When I was at school, (ok, I know that it was a long time ago), in one of our very first chemistry lessons in the equivalent of year 7, we were taught to balance equations. In subsequent lessons, whenever we were given an example of a chemical reaction or we did an experiment, we were given a word equation and we were expected to turn it into a symbol equation and balance it. By the time we reached year 9, we were all experts.
When I see a new student, I always ask if they can balance equations and the answer is usually no. Continue reading Balancing equations – a nightmare for many but a chemistry necessity
I’ve been tutoring for twelve years. When I first started up, I had a couple of my own students but I mostly worked through an agency. The benefits the agency sold were that if you asked for a tutor, they would send you someone with appropriate qualifications, and that they would send someone to your home and at your convenience. Continue reading Tutors who travel – an advantage or a disadvantage?
If I’m honest, my politics have always leaned towards socialism. There are some things in life that I firmly believe that everyone should be able to access. I also believe that there are times in the lives of most people, when things don’t quite go to plan and if someone needs a bit of a helping hand through a difficult patch, then that’s what a society should be doing. Continue reading Should a Child Really Need a Tutor?
level biology allows me to indulge in one of my passions of biochemistry. The
immune system. To me, immunology is one of the most fascinating topics of the
biology curriculum. Unfortunately, many of my students are unable to feel the
same way. Continue reading When the Immune System has a Meltdown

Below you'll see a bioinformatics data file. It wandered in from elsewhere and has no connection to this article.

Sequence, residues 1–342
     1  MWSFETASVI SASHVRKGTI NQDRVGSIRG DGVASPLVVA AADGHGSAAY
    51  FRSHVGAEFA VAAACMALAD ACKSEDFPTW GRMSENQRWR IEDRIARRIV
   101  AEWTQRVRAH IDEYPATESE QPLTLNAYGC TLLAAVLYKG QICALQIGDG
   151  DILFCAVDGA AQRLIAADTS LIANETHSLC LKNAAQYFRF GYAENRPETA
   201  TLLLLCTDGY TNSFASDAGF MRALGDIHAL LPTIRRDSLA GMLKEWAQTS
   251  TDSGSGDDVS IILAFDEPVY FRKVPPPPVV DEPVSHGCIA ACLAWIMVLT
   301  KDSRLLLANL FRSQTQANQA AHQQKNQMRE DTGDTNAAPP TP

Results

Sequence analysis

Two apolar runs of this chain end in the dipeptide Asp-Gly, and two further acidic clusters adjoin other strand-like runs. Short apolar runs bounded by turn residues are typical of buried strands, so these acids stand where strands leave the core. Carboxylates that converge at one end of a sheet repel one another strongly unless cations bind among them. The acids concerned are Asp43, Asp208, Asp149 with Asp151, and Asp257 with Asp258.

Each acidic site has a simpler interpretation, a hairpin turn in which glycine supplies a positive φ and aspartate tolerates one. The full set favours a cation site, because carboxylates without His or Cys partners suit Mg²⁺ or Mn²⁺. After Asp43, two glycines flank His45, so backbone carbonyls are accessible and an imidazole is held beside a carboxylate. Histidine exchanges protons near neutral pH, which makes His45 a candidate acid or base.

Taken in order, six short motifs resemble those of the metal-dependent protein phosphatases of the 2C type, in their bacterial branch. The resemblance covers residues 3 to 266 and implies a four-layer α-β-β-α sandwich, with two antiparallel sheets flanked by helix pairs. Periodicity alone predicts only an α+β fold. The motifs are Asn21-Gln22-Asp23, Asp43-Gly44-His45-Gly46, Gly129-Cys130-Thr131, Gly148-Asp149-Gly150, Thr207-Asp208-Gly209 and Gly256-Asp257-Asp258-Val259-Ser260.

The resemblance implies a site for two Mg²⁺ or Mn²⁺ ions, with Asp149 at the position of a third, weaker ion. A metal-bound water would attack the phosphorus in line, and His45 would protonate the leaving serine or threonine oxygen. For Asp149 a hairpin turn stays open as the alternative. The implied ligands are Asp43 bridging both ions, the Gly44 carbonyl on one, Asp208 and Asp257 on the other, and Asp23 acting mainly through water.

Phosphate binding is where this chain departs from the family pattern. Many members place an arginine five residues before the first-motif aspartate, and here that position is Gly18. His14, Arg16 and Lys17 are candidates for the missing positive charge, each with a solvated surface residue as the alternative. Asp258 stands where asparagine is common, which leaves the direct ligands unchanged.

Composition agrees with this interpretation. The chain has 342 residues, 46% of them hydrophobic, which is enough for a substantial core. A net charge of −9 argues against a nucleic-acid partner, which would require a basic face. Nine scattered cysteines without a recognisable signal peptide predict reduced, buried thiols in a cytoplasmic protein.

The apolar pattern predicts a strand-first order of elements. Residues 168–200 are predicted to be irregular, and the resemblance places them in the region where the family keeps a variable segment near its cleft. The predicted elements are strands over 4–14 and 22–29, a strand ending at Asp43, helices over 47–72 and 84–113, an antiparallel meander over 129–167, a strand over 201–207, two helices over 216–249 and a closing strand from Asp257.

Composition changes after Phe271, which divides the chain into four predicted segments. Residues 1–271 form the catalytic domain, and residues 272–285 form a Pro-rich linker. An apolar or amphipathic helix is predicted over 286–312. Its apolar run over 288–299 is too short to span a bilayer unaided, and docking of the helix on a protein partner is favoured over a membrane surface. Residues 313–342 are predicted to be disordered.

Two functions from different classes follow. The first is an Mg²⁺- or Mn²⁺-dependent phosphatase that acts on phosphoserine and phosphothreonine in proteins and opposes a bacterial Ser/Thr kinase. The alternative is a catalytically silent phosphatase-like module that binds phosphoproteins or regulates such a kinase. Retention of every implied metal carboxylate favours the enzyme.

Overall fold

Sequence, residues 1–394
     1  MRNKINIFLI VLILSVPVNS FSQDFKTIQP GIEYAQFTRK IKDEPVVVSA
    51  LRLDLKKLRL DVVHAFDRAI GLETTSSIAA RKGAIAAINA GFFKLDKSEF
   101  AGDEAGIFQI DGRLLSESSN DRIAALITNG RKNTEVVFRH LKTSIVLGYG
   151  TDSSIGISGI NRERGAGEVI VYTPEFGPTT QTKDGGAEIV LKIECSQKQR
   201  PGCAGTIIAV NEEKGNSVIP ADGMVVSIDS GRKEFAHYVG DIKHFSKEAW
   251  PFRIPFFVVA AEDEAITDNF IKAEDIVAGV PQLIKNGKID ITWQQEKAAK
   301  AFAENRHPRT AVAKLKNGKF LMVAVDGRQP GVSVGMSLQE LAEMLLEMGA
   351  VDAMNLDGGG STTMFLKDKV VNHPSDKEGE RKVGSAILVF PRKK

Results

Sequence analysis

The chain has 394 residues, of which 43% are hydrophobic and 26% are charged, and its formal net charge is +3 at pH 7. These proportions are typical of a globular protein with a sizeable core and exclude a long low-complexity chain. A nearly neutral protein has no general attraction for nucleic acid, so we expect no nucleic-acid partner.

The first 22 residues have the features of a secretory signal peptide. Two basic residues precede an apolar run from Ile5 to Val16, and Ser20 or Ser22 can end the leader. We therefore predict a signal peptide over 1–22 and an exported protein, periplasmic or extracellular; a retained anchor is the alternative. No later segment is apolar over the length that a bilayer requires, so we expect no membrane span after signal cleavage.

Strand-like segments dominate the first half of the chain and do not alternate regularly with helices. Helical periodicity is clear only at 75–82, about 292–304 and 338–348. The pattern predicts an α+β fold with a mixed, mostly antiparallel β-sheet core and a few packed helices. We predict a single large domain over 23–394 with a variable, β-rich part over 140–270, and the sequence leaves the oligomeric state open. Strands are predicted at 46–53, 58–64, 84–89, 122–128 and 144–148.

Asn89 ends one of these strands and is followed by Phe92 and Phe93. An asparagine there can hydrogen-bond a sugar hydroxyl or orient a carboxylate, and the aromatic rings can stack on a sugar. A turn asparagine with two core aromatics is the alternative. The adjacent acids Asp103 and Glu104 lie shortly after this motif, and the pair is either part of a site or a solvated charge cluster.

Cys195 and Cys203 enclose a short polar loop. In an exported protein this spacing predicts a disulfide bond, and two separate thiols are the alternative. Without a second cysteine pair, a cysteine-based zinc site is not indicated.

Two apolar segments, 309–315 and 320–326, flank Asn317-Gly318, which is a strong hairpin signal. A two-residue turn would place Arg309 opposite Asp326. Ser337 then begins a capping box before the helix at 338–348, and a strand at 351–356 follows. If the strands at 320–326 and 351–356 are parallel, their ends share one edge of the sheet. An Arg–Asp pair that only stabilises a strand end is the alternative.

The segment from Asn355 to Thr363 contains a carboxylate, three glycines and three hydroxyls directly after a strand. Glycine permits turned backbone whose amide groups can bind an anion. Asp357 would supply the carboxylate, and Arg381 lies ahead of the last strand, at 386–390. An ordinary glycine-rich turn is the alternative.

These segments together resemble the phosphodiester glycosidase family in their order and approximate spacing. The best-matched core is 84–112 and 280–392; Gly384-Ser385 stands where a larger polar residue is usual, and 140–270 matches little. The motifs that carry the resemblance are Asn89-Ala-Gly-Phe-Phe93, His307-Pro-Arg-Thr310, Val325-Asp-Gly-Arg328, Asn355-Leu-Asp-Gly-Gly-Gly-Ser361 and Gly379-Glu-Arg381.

with being a scientist is that very little is taken on face value. We went on a
family holiday to Norfolk this year and visited the lovely Houghton Hall. The
Hall is home to a large collection of outdoor modern sculptures, the most
famous of the artists being Henry Moore.
favourite was a rather unusual piece of artwork by a Danish artist, Jeppe Hein.
In the garden, there appears to be a shallow pool of water surrounded by grass.
Suddenly a flame ignites in the centre of the pool. Continue reading A Water Flame – How does it work?
For A Level
students, there is only one more milestone between school and university – and
that is results day. A Level results are released on the third Thursday in
August, and GCSE results released the following week. The third Thursday in
August is also the day that university places are confirmed, and any unfilled
university places offered up in a process called ‘Clearing’. Continue reading Results Day – It’s always good to have a Plan B
began with a trip to the theatre and ended in an internet search for the DNA
profiling of Tsar Nicholas and his family.
Royal Windsor showed a straight play this afternoon called The Anastasia File.
Anastasia, the youngest daughter of Tsar Nicholas and his wife Alexandra, has
been portrayed on stage and screen and has the highest profile of the five
children. Continue reading Anastasia, The Romanovs and DNA Profiling
The long summer
holiday is almost upon us. Six weeks of lazy mornings. I don’t have to drag the
children out of bed and push them off to school. Routine is out of the window.
It’s great for a few days and then someone utters those words “mum, I’m bored”. Continue reading Inspiration for Budding Scientists
boundaries are always the cause of much speculation. Are they high? Low? Does
it mean anything?
The bottom line is that students think that low grade boundaries are wonderful – but are they? And does it matter anyway? Continue reading Grade Boundaries – Why Do They Move?
new to me. I knew of them as a theoretical concept but didn’t know that they
had been given a name of their own. With thanks to the Edexcel Examination
Board and the publication of the scientific article for use with A Level
Biology Paper 3 this year, I’ve been on a journey of discovery in the organoid
world. Continue reading Organoids – what on earth are they?